Knee Conditions

How are knees injured in sport?

Knees are commonly injured in sport from jumping, baulking, twisting, tackling and falling. Injuries can be minor and tolerable, or they can be career-ending. Frequently seen are ligament injuries such as the cruciates or collaterals, or damage to the cartilage lining or meniscus inside the joint. A clear description of the injury mechanism usually reveals the structure that has been damaged. Early diagnosis is imperative to plan the correct rehabilitation. While some structures heal satisfactorily with time and treatment, other tissue damage is irreparable such as cartilage, cruciate ligaments. Surgery is often needed along with an exercise programme to strengthen the knee for return to sport.

What knee conditions result from mal-alignment?

Knees can also be effected by more subtle forces such as those imposed by poor alignment of the lower limb. While these problems can strike at any age, they are common in growing and active children. Children with mal-aligned legs are susceptible to patellofemoral joint pain (knee cap problems) or growth plate problems such as Osgood Schlatter Disorder. These needn’t prevent participation in sport, but they often require some modification of sport while the symptoms are acute. Mal-alignment problems should be assessed and treated by physiotherapy + podiatry to address alignment issues while the child is young. The same postural problems in the adult manifest as runners’ knee, knee cap mal-alignment or dislocation, jumpers’ knee (patella tendon), amongst others. Chronic mal-alignment will lead to specific patterns of joint wear and tear (arthritis), which may eventually require surgery to replace the joint and re-align the lower limb.

What knee conditions result from degeneration?

Knees are the same as car tyres; whether you tolerate a subtle wheel alignment problem, or impose a sudden force upon then, they will become damaged and wear out. When the knee wears out, it is the cartilage lining that fails, allowing forces to be imposed on the bones, resulting in degeneration.

How do we examine knee joints?

Unlike other body regions as shoulder and spine, the knee can be a rewarding joint to examine because pathologies seem to be well defined (not all), particularly where there is trauma. For the acute sporting injury, a clear explanation of the injuring force, plus the knee’s immediate response, usually gives a clue to the structure damaged, eg. a landing/twisting injury where the knee buckled and a click was heard, especially if followed by an instant effusion (swelling) is damning of an anterior cruciate until proven otherwise. A force that bends the knee sideways/inward will damage the medial collateral ligament, where as a force onto the top of the shin bone as would occur with a fall into the kneeling position, will damage the posterior cruciate. Meniscal and joint lining cartilage damage commonly accompanies ligament trauma. There is a well established series of clinical observations and tests that can be performed to tests the structures of the knee joint. Radiological investigation, particularly MRI, is now common-place for confirmation of clinical suspicion. For the atraumatic knee, there must be a biomechanical problem that has made the knee and associated structures vulnerable to failure under load of sport or work demands. The key to managing these problems is to accurately identify the underlying postural problem that are imposing adverse forces on the knee, and this involves examination not just of the knee itself, but above and below the biomechanical chain to ankle and hip/pelvis. Most mal-alignment problems are related to hip and spine dysfunction. An arthritic knee is obvious clinically as it is often associated with restriction of movement, swelling, tell-tale deformity and crepitus. Plain x-rays are essential for this pathology.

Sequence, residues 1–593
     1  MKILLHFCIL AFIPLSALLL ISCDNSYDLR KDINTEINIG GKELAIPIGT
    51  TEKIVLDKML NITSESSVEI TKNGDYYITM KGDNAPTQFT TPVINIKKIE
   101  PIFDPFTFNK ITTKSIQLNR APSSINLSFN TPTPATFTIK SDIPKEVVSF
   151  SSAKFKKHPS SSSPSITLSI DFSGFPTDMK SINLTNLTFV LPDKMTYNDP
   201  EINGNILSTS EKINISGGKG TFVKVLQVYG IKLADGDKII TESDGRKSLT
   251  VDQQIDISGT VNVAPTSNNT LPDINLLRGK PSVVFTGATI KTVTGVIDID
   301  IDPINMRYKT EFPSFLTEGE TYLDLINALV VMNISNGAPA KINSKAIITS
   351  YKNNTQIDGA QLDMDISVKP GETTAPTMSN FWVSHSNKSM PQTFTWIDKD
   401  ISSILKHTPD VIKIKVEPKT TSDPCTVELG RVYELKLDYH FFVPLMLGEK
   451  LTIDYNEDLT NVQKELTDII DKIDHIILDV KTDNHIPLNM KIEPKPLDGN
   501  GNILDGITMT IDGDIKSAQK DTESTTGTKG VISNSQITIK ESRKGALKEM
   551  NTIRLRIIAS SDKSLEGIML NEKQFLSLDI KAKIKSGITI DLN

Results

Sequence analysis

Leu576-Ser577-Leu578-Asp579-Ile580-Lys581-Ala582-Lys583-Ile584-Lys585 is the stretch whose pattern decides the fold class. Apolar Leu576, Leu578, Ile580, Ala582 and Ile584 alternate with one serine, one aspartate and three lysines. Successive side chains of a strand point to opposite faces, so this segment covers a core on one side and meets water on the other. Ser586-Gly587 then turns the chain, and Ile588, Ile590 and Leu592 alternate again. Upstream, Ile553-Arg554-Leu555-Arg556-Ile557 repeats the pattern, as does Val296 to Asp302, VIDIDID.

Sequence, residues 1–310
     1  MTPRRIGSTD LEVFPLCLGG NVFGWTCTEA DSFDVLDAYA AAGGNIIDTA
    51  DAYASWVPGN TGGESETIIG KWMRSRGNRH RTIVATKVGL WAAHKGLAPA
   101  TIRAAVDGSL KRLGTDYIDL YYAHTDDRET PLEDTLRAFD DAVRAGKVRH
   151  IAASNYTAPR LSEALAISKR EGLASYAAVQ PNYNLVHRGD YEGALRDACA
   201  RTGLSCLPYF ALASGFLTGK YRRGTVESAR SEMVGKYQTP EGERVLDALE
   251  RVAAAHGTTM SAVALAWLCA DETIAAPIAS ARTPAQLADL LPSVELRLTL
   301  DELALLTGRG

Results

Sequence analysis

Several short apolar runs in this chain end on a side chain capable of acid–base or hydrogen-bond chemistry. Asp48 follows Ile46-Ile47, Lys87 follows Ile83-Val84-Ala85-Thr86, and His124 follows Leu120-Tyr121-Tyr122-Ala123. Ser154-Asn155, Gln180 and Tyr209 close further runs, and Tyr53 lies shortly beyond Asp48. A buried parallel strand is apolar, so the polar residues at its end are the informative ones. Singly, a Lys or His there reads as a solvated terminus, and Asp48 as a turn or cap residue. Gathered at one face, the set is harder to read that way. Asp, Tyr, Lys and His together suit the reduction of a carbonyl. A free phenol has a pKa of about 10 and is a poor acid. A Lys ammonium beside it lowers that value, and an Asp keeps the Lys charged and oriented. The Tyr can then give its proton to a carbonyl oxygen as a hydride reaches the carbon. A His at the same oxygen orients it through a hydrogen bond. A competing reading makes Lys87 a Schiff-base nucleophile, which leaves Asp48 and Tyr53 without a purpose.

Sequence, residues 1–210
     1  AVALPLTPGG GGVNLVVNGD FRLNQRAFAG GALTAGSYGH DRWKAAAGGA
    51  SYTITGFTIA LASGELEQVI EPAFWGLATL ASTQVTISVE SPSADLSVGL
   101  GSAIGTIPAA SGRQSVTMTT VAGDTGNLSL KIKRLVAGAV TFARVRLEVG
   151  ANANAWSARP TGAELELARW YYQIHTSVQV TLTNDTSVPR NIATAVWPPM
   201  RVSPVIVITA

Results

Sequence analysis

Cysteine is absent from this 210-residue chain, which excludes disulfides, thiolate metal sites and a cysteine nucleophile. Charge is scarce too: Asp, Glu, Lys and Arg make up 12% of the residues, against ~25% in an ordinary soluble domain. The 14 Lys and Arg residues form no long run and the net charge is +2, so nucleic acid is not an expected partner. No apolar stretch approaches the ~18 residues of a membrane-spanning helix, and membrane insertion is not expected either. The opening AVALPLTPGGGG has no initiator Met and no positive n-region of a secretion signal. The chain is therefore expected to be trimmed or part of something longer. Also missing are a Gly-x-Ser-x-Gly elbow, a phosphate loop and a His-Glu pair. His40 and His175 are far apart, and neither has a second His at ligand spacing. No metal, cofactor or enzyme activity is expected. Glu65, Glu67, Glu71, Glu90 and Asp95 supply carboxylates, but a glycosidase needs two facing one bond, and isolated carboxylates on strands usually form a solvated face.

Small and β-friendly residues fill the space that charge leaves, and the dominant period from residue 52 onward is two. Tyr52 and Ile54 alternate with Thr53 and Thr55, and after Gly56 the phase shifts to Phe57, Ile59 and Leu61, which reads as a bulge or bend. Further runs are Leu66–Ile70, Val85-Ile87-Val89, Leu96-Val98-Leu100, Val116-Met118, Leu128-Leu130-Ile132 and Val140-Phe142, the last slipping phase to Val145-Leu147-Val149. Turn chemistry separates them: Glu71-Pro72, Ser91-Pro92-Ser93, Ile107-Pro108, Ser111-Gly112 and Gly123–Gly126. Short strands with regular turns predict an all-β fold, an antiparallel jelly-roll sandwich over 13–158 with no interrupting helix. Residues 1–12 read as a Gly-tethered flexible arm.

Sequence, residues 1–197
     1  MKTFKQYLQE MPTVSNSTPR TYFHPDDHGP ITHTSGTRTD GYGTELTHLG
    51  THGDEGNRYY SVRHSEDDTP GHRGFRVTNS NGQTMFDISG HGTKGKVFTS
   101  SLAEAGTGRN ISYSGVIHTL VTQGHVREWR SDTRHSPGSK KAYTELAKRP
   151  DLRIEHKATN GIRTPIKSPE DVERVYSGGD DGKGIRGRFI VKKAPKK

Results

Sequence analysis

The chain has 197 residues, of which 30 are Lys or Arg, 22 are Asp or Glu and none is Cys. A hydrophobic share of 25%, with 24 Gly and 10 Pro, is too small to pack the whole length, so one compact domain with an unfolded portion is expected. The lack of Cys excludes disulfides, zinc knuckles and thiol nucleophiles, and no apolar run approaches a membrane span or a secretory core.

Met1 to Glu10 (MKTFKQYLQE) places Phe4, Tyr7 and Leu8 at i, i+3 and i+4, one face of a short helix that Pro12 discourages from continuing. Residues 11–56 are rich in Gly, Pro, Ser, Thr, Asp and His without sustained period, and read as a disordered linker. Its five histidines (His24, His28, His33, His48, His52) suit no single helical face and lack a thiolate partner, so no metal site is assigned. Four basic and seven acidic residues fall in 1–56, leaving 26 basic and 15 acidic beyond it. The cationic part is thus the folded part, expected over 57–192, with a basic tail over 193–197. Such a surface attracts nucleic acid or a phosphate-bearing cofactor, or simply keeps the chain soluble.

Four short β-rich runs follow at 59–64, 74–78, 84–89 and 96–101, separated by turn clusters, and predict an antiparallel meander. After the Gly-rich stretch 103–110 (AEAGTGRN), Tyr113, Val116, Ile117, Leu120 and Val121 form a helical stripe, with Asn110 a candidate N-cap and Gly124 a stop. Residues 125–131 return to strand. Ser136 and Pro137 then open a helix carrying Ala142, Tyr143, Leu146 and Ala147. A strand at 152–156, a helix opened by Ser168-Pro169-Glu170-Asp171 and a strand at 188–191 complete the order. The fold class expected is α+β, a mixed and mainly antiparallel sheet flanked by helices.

How do we treat knee joints?

If the knee has been damaged by trauma and a ligament injury is diagnosed, there is usually a recommended method of managing the injury dependant on the ligaments potential to heal and protection form select movements/forces, eg. a partial or complete anterior cruciate injury (ACL) will not heal, so reconstruction may need to be considered if the athlete is returning to a sport that requires dodging/baulking/jumping; a damaged medial collateral ligament (MCL) will heal without surgery, but may need to be protected in a brace etc. Meniscal tissue is avascular (doesn’t have a blood supply) therefore it doesn’t have potential to heal. The very perimeter of the meniscus where it connects onto the capsule is the exception. Arthroscopy will be required to address a torn meniscus; the principle here is to trim as little as possible. Peripheral tears may be able to be repaired. Articular cartilage does not have a blood supply; it receives its nutrition through the joint fluid. If damaged, it won’t recover, and arthroscopy may be required to ‘tidy-up’ the articular surface. Cartilage damage accelerates arthritis. Biomechanical and alignment problems are treated according to the examination findings. Invariably this requires some realignment work at the hips and pelvis, muscle stretching and strengthening, perhaps taping and strapping, perhaps orthotics. Assessment of sporting technique, running style, jumping and landing techniques may be required to more comprehensively rehabilitate. While surgery is now common place to clean out arthritic joints arthroscopically, or more major surgical intervention to replace joints, there are steps that can be taken that are less invasive, or compliment the surgical procedure, eg. glucosamine, and respectful exercise to strengthen and lubricate the joint to maintain your function and leisure and sporting liberties.